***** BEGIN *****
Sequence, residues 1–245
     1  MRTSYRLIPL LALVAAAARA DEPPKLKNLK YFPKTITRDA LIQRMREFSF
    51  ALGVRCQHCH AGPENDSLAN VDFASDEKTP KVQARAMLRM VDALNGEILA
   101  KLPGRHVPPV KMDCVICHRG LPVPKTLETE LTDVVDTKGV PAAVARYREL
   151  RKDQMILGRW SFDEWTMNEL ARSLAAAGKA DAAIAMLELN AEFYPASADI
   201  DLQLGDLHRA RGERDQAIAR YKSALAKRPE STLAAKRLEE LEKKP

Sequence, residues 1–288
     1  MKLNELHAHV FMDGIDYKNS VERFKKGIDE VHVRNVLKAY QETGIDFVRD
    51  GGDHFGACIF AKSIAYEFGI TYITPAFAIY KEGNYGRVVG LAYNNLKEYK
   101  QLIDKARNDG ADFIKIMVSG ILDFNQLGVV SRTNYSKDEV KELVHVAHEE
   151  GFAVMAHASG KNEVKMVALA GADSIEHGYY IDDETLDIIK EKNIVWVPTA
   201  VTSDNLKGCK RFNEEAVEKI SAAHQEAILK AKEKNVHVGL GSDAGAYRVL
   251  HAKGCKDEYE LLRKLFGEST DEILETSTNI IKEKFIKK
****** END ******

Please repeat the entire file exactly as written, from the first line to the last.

Sequence, residues 1–245
     1  MRTSYRLIPL LALVAAAARA DEPPKLKNLK YFPKTITRDA LIQRMREFSF
    51  ALGVRCQHCH AGPENDSLAN VDFASDEKTP KVQARAMLRM VDALNGEILA
   101  KLPGRHVPPV KMDCVICHRG LPVPKTLETE LTDVVDTKGV PAAVARYREL
   151  RKDQMILGRW SFDEWTMNEL ARSLAAAGKA DAAIAMLELN AEFYPASADI
   201  DLQLGDLHRA RGERDQAIAR YKSALAKRPE STLAAKRLEE LEKKP

Sequence, residues 1–288
     1  MKLNELHAHV FMDGIDYKNS VERFKKGIDE VHVRNVLKAY QETGIDFVRD
    51  GGDHFGACIF AKSIAYEFGI TYITPAFAIY KEGNYGRVVG LAYNNLKEYK
   101  QLIDKARNDG ADFIKIMVSG ILDFNQLGVV SRTNYSKDEV KELVHVAHEE
   151  GFAVMAHASG KNEVKMVALA GADSIEHGYY IDDETLDIIK EKNIVWVPTA
   201  VTSDNLKGCK RFNEEAVEKI SAAHQEAILK AKEKNVHVGL GSDAGAYRVL
   251  HAKGCKDEYE LLRKLFGEST DEILETSTNI IKEKFIKK